A new study, we are told,”turns our picture of the nucleus upside down”:
Eukaryotic chromosomes are built of chromatin, a complex of DNA and associated proteins. Depending on transcriptional activity and degree of compaction, two types of chromatin can be distinguished and these two types are spatially separated within the nucleus. The highly condensed fraction is made up of regions of chromatin that contain few genes and is transcriptionally inactive. It is called heterochromatin, and is located in the periphery of the nucleus, close to the nuclear membrane. Euchromatin, on the other hand, is enriched in genes and corresponds to the active fraction of the genome. It occupies the inner regions of the nucleus, is less densely packed, and therefore more accessible to the protein machineries required for gene expression. This general pattern of genome organization is found in virtually all eukaryotic cell types…
… In rods, the tightly condensed heterochromatin is packed in the interior of the nuclei, while the active euchromatin is localized directly under the nuclear membrane—a unique exception to the general rule. It turned out that the heterochromatin core of rod nuclei serves as a microlens condensing light and thus improving optical properties in the nocturnal retinas….
“What organizes the genome in the nucleus?” at Ludwig Maximilian University of Munich
Hat tip: Philip Cunningham
Cunningham notes that Rick Steinberg commented on this kind of thing a decade ago:
Reporting in the journal Cell, Irina Solovei and coworkers have just discovered that, in contrast to the nucleus organization seen in ganglion and bipolar cells of the retina, a remarkable inversion of chromosome band localities occurs in the rod photoreceptors of mammals with night vision (Solovei I, Kreysing M, Lanctôt C, Kösem S, Peichl L, Cremer T, Guck J, Joffe B. 2009. “Nuclear Architecture of Rod Photoreceptor Cells Adapts to Vision in Mammalian Evolution.” Cell 137(2): 356-368). First, the C-bands of all the chromosomes including the centromere coalesce in the center of the nucleus to produce a dense chromocenter. Keep in mind that the DNA backbone of this chromocenter in different mammals is repetitive and highly species-specific. Second, a shell of LINE-rich G-band sequences surrounds the C-bands. Finally, the R-bands including all examined protein-coding genes are placed next to the nuclear envelope. The nucleus of this cell type is also smaller so as to make the pattern more compact. This ordered movement of billions of basepairs according to their “barcode status” begins in the rod photoreceptor cells at birth, at least in the mouse, and continues for weeks and months. Why the elaborate repositioning of so much “junk” DNA in the rod cells of nocturnal mammals? The answer is optics. A central cluster of chromocenters surrounded by a layer of LINE-dense heterochromatin enables the nucleus to be a converging lens for photons, so that the latter can pass without hindrance to the rod outer segments that sense light. In other words, the genome regions with the highest refractive index — undoubtedly enhanced by the proteins bound to the repetitive DNA — are concentrated in the interior, followed by the sequences with the next highest level of refractivity, to prevent against the scattering of light. The nuclear genome is thus transformed into an optical device that is designed to assist in the capturing of photons. This chromatin-based convex (focusing) lens is so well constructed that it still works when lattices of rod cells are made to be disordered. Normal cell nuclei actually scatter light. So the next time someone tells you that it “strains credulity” to think that more than a few pieces of “junk DNA” could be functional in the cell — that the data only point to the lack of design and suboptimality — remind them of the rod cell nuclei of the humble mouse.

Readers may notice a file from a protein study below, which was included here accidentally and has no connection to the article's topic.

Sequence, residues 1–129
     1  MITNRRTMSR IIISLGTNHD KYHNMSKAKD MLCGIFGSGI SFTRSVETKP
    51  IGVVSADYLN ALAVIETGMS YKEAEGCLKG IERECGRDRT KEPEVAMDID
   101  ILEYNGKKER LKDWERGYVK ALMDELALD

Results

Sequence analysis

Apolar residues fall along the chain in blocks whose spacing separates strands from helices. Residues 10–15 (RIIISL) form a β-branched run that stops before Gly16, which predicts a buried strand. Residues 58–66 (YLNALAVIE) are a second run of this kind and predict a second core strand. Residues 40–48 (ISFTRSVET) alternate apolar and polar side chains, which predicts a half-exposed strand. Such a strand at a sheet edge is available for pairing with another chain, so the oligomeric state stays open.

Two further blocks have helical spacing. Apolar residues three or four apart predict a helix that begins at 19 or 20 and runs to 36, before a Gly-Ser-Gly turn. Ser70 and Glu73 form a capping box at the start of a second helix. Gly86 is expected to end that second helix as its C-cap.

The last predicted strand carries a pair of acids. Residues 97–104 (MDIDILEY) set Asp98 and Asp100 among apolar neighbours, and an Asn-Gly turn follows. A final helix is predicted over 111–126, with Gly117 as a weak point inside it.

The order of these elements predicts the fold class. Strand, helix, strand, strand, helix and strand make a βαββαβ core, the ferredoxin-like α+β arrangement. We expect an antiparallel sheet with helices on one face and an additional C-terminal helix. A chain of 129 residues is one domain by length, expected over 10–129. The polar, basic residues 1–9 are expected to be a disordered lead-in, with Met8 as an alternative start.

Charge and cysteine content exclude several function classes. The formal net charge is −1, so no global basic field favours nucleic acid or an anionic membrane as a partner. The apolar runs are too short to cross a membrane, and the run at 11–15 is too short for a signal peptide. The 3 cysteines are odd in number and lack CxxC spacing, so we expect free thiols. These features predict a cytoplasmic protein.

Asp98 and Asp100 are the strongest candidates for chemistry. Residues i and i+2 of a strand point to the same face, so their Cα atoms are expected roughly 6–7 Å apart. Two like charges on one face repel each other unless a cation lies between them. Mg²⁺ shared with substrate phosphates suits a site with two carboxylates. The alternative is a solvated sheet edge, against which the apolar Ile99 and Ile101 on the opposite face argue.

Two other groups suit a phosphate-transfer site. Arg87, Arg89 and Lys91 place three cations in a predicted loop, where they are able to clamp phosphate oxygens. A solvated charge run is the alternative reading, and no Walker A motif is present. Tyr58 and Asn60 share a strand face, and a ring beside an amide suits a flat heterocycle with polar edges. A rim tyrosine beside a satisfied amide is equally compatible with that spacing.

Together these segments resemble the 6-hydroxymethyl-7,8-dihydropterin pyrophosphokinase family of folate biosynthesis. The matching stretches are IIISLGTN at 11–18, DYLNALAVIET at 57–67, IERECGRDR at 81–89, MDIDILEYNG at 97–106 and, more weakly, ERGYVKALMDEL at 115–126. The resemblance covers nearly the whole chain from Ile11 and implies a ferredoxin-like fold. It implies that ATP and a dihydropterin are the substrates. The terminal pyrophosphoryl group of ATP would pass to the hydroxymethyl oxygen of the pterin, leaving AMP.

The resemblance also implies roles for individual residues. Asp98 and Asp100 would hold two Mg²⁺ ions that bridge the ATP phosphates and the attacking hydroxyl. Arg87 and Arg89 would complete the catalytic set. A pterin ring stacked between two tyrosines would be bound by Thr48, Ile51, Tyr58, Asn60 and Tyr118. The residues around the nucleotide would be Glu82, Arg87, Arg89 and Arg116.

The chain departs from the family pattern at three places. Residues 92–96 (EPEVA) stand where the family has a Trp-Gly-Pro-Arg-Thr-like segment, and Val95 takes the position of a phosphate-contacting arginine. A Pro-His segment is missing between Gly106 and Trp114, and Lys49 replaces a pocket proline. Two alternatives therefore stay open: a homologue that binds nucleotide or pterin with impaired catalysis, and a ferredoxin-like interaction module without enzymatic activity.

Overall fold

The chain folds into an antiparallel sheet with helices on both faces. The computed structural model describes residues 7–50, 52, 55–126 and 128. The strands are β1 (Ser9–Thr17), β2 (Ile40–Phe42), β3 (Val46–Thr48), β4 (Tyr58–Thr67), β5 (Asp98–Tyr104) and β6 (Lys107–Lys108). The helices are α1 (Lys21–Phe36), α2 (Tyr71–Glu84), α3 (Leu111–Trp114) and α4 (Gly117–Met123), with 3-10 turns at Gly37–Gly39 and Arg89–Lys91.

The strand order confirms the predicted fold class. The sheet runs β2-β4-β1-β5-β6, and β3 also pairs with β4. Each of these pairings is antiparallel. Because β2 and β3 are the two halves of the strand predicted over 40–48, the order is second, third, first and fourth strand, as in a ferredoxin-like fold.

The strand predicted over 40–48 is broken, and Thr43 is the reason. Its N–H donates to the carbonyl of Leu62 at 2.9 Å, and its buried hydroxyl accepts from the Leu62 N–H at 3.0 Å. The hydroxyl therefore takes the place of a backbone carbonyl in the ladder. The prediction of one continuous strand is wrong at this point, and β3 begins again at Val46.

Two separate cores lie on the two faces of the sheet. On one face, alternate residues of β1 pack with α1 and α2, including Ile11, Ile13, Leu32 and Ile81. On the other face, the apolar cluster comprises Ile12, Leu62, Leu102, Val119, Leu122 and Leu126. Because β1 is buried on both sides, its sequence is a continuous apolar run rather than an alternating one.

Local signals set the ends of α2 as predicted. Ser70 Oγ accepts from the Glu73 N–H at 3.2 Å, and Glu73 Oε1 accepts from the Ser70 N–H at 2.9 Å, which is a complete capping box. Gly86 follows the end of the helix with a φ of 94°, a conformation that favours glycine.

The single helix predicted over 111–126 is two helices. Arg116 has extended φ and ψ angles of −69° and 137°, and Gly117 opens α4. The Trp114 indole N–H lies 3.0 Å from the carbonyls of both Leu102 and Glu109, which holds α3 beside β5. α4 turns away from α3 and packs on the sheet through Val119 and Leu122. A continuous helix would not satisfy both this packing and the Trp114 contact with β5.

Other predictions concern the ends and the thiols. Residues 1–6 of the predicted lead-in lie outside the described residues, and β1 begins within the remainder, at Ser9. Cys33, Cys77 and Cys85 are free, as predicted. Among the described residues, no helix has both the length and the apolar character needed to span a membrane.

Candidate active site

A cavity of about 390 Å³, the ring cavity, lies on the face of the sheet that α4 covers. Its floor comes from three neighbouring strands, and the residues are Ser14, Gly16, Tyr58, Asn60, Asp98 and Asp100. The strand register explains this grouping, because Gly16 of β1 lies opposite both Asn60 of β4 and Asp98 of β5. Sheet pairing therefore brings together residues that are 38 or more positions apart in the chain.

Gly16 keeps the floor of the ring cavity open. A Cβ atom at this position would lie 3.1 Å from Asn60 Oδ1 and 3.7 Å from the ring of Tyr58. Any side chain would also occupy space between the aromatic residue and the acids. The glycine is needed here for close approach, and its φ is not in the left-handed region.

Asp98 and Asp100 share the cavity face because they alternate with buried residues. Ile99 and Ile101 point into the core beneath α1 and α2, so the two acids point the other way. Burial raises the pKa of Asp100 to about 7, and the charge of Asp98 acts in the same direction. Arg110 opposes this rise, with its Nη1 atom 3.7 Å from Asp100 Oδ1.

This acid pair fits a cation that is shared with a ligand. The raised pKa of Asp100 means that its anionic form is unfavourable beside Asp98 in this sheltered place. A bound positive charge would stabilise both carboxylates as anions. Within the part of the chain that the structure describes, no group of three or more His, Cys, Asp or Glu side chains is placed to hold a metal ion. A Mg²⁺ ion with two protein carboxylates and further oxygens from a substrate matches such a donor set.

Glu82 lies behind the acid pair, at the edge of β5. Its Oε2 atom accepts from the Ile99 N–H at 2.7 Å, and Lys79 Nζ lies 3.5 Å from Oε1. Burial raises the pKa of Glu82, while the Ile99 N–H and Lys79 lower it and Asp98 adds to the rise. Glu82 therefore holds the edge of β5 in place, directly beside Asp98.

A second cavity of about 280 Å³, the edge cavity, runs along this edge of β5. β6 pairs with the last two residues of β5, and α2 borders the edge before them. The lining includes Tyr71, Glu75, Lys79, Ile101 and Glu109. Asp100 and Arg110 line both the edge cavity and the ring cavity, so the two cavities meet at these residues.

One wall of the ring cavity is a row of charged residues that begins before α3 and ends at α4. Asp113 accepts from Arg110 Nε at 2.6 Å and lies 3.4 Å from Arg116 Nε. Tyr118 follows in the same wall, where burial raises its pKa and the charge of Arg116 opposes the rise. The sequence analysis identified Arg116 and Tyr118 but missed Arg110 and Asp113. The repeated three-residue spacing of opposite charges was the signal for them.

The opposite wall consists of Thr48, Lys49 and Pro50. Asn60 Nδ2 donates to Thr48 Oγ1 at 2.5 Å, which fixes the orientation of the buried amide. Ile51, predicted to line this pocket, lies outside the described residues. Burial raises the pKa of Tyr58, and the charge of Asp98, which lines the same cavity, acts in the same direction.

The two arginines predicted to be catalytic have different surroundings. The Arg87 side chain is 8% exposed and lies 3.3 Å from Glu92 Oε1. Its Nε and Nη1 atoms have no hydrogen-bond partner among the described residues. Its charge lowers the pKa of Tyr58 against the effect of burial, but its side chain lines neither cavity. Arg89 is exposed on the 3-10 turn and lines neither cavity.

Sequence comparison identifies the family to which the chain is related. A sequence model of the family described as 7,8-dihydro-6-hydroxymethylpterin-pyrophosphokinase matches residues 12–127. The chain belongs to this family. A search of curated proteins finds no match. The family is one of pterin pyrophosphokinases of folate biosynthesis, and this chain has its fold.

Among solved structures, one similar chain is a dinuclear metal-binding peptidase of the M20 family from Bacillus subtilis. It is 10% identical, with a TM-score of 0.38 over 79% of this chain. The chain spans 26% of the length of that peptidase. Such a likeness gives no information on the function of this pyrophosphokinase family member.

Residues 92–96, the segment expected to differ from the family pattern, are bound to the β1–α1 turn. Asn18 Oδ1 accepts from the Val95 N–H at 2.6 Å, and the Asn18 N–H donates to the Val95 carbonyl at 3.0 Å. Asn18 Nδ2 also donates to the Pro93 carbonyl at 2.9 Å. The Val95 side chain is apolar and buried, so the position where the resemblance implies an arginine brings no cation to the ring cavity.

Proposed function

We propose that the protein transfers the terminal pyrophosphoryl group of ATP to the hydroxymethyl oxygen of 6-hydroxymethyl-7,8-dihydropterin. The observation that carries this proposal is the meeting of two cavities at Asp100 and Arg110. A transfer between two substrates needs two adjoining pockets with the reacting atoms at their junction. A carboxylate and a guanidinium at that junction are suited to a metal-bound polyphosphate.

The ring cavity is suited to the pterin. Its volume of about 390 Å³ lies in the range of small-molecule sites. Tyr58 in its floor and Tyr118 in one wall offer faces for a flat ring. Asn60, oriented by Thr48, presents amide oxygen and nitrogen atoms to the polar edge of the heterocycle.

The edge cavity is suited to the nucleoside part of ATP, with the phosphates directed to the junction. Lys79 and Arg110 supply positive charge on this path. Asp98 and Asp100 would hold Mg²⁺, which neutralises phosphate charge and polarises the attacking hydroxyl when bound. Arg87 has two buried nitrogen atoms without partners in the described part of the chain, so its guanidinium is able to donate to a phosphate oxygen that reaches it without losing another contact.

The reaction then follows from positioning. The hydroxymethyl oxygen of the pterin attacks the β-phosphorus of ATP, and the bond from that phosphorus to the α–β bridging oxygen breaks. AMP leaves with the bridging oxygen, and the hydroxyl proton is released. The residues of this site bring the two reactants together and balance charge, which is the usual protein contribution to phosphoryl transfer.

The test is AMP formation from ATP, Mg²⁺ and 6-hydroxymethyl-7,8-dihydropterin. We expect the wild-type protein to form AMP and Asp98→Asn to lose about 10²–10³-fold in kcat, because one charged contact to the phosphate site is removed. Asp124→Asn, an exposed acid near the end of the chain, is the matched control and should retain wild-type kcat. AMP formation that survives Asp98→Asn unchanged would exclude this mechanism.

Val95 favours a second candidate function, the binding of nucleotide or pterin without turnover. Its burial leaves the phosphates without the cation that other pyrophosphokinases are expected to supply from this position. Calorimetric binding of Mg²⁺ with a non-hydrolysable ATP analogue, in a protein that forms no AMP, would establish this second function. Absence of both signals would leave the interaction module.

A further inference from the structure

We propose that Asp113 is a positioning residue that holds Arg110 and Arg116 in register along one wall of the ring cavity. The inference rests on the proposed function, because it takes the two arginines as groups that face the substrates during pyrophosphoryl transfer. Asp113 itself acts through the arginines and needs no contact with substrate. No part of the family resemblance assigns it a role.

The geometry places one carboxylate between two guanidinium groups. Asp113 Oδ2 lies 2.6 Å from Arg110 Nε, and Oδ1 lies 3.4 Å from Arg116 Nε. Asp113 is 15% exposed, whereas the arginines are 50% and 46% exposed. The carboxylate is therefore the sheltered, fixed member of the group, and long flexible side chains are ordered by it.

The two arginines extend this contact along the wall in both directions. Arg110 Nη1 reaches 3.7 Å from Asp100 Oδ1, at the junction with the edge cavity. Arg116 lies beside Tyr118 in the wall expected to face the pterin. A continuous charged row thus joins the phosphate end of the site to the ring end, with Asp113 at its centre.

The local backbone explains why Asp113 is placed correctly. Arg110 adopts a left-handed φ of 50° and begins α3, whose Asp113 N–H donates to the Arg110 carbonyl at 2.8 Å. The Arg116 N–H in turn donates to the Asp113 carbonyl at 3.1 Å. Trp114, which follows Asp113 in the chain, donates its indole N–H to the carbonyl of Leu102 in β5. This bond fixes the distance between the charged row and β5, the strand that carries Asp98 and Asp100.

Rick Steinberg (April 29, 2009), “Shoddy Engineering or Intelligent Design? Case of the Mouse’s Eye” at Evolution News and Science Today
See also: Humans may have only 19,000 coding genes
“Junk DNA” regulates regeneration of tissues and organs
Note: One junk DNA defender just isn’t doing politeness anymore. Hmmm. In a less Darwinian science workplace, that could become more a problem for him than for his colleagues.
Junk DNA can actually change genitalia. Junk DNA played the same role in defending Darwinian evolution as claims that Neanderthal man was a subhuman. did: The vast library of junk genes and the missing link made Darwin’s story understandable to the average person and the missing link even became part of popular culture. With Darwinism so entrenched, the fact that these beliefs are not based on fact will be difficult to root out of the culture. Darwin-only school systems are part of the problem.
At Quanta: Cells need almost all of their genes, even the “junk DNA”
“Junk” RNA helps regulate metabolism
Junk DNA defender just isn’t doing politeness any more.
Anyone remember ENCODE? Not much junk DNA? Still not much. (Paper is open access.)
Yes, Darwin’s followers did use junk DNA as an argument for their position.
Another response to Darwin’s followers’ attack on the “not-much-junk-DNA” ENCODE findings
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